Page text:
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Sick Puppies – Polar Opposite EP review

Sick Puppies – Polar Oppostie

One of the myth’s to how the Sick Puppies got their name goes like this: A sick dog wandered into their jam space and barfed all over their drum kit.

If that’s not nature’s way of telling you, I don’t know what is.

“Don’t cry like a bitch when you feel the pain” are lyrics off of the first track, “You’re Going Down.” This is essentially the kick-off to the rest of the EP; a pile of overwrought performances punctuated with the moldiest of trite and painful cliches.

As far as radio playability goes, this EP will probably fit nicely on an easy-listening channel. And the fact that the band kept this EP entirely acoustic is surprisingly refreshing. The string instruments in the background add a deeper touch then the traditional pop-trash ballads they’ll be competing with, and it gives it an earthier sound. It comes across as more organic then their traditional genre competition, but at the same time, this is just more familiar ground. Track 5, “Don’t Walk Away,” is just frustratingly redundant. How many times has this song been done? The lyrics, the structure, the sound itself.

This whole offering is going around and around in a spin-cycle dryer with the rest of the crap that faded away a decade before. Why are Sick Puppies still doing this? Why didn’t the barfing dog omen open their eyes? Why, after fourteen years of making music, have they failed to grow creatively or evolve artistically? Who funded this EP and who the hell is listening to it, other then this irritated reviewer?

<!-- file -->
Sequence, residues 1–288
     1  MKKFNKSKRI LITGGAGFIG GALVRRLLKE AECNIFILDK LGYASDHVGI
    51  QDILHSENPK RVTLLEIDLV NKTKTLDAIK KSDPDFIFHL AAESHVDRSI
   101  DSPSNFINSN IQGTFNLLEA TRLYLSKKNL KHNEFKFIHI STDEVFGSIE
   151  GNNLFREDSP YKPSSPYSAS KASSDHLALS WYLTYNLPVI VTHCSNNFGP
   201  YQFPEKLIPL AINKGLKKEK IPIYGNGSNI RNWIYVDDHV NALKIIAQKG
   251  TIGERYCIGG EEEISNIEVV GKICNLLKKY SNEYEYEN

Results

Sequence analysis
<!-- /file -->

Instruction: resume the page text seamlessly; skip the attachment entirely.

The band has been struggling with mid-level success since they formed in 1997, producing three albums before the Polar Opposites EP dropped on March 1st, and while their hard work could be admired by some, it could be respected a lot more, if after all this time, they were finally offering creative expressions of substance, instead of this thrice-chewed cud of flavorless and forgettable pop product.

The track, “Maybe” is catchy and will probably be used in the next film starring Miley Cyrus. Already, YouTube users are vying to make their own overwrought DIY videos for this song, complete with scrawling computer lyrics and flowery pictures of puppies and holding hands.

The lead singer Shimon Moore, plays guitar and his vocals are strong and emotional on tracks like “All the Same;” you definitely feel his angst. Maybe he himself feels the limits of his own talent and creativity.

Emma Anzai starts singing on the track, “White Balloons,” which is probably the most memorable and creative track on the EP with edgy strings and a needed tempo change. Anzai’s vocals are clear and fresh and it would be nice to have her singing more.

“I don’t know if it’s me or you,” are lyrics taken from the last track, “So what, I lied.” Is this the best they could come up with from over a decade of musical trekking, touring, playing and writing?

This track jumps from some sort of Tool rip-off, to bland acoustic pickings; they’re all over the place, with raspy 90’s vocals and screaming and it sounds like they really haven’t been able to make it past 1997, style-wise.

At the end of listening to this EP, I feel like the dog trapped in their jam space.

By Caile Michelle


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